I will forever be in debt to my mom and dad for their tough love of this sort and the many sacrifices they have made to help me get to where I am now. In a way, I began to build my identity as a basketball player these past couple years as the spark plug, the energy off the bench. I know the love and enthusiasm I have for this game all started with them. My siblings, too, deserve every bit of credit. From day one, it has never mattered to them whether we played great or had an off night, whether we won or lost. No matter what, they have walked with me every step of the way.

When people ask why I decided to come to Drake, it is always because it just felt like I belonged here. Duke University, who my grandma still thinks I play for, can’t even compete with Drake. This place continues to exceed my expectations in so many ways because it is embedded with people who care deeply for every single person who walks through their doors. And how could I possibly say no to that?

Since coming here, I have experienced firsthand a level of growth and maturity purely as a byproduct of the people I have been surrounded with. The first on that list being my coaches and teammates. It is tough to put into words how much this group of people means to me- not even because of the experiences they have afforded me, but because of the type of people they are. This coaching staff has played an integral role in why I have enjoyed these past few years as much as I have. You don’t just walk away from a journey like this and go your separate ways- these are the types of relationships you hope to have the rest of your life.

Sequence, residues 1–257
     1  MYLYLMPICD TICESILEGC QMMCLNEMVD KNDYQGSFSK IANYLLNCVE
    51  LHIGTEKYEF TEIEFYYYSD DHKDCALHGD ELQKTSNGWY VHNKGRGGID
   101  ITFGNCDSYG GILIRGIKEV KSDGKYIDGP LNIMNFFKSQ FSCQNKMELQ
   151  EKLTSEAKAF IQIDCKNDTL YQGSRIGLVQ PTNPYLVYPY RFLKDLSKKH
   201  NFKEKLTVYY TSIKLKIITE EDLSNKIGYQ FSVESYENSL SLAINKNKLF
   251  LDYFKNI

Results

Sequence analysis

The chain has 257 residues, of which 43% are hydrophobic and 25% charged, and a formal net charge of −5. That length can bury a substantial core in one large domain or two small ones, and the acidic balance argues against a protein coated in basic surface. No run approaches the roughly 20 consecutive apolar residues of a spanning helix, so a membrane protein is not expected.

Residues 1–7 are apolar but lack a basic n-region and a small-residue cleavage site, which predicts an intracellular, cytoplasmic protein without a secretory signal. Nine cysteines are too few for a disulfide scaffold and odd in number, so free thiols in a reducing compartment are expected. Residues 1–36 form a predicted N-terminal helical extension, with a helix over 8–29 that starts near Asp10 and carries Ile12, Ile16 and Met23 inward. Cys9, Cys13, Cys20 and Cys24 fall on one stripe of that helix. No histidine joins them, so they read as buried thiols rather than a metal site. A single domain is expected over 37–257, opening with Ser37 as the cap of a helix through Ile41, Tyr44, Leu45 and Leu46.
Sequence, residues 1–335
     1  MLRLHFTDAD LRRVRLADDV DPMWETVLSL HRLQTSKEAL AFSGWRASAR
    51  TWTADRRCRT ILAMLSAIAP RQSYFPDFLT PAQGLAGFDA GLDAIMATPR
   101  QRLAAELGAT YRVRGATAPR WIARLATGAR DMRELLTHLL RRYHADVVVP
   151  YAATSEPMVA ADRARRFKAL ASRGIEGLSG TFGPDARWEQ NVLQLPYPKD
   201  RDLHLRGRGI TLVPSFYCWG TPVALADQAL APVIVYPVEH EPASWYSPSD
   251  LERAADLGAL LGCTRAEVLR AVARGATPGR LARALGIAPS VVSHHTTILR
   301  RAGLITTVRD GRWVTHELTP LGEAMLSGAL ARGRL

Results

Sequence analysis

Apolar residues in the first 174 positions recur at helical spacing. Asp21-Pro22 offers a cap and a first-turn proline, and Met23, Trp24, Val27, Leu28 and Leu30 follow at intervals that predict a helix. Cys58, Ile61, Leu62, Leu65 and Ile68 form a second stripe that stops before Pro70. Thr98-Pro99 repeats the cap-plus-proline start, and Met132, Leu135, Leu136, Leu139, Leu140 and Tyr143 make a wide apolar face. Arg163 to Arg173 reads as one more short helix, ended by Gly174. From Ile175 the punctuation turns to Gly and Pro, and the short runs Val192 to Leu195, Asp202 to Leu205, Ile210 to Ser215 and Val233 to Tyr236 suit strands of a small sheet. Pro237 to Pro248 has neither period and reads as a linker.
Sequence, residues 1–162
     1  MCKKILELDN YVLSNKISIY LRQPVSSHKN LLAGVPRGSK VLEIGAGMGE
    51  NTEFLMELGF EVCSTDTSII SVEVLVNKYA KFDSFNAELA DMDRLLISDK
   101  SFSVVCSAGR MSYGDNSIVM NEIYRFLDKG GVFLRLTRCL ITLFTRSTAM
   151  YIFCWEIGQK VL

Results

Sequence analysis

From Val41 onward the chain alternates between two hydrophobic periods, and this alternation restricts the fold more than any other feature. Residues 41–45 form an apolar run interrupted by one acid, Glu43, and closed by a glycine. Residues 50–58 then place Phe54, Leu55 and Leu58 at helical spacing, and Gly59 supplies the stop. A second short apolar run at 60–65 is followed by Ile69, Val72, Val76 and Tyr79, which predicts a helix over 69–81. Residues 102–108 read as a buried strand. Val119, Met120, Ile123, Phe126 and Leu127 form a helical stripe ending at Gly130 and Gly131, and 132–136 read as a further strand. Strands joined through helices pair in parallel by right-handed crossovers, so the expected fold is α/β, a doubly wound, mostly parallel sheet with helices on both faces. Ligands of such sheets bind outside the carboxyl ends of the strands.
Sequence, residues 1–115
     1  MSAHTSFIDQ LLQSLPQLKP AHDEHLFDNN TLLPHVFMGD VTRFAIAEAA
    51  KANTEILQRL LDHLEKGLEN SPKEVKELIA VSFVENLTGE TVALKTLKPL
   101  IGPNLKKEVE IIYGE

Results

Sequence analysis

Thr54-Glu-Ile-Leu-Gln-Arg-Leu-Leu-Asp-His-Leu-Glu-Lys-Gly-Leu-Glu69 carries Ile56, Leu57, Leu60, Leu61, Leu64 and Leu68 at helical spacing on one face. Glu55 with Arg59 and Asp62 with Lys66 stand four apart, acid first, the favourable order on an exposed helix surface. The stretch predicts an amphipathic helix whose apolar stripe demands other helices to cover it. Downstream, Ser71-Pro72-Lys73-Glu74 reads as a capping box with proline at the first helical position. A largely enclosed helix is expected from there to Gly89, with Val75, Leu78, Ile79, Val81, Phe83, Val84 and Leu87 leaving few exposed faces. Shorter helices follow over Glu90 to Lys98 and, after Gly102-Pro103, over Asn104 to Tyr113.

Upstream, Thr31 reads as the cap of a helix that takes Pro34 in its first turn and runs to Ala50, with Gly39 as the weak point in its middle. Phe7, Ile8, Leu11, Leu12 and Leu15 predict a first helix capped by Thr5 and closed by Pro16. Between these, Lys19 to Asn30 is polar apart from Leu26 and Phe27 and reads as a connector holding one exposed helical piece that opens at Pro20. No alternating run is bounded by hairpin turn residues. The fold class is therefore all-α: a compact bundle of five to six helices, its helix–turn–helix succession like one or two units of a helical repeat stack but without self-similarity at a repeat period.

And to my teammates: what we felt were the triumphs, defeats, or conundrums of the season can almost be interpreted as another opportunity to lean on one another. One of my all-time favorite quotes says if you want to go fast, go alone. If you want to go far, go together. Thanks to this group of women, I can say this year was one of my favorites because of how far we came and went together.

As a senior especially, I have had the chance to impact each of them in different ways- even if it is wowing them with my dance moves in the locker or weight room or laughing hysterically at one of Liza’s peanut gallery comments (and by hysterically I mean so obnoxiously that you have to laugh too). PS I got that trait from my mother.

Nothing will ever match the memories I have made with you all, but know I cannot wait to be apart of your journey from the stands. In what it feels to be the blink of an eye, you will be standing up here just like I am reaching for the right words to end on. The best piece of advice I can offer to you today is to savor everything it is that you have in front of you. Because the sooner you recognize its immense value, the better off you will be.

It is pretty crazy to think that my days as a college basketball player are over, and in a way, part of me is being left behind. When basketball has been your life for so long, it can be a tough pill to swallow. But even in accepting these realities, my heart has never been so full. What I hope for every person here to remember is that my Drake experience would have been nothing without all of you. You are the reason I am so incredibly proud to wear Drake on my chest and will continue to give back to this university and program in whatever ways I can.

I have never felt so confident, prepared, and excited to take on the next chapter because of the people in this room and the experiences I have been exposed to. I will not remember the tough losses or times of frustration themselves, but rather what I have gained them. I will remember the upsets, playing in the Knapp Center, and the history we made this season among others. I am completely humbled to have been a part of this place for five whole years, and for that I cannot thank you enough. All my best to the place that will always be home and people who will forever be family.

parents seniors

Dear High School Athletes…

As my collegiate career winds down, and as I watch my younger sister navigate her way through her high school career, I can’t help but look back on the days where I was once in her shoes. Although it feels like eons ago, there is a lot to be said for that four-year stretch. For any high school kid with dreams of continuing their athletic career, this is for you.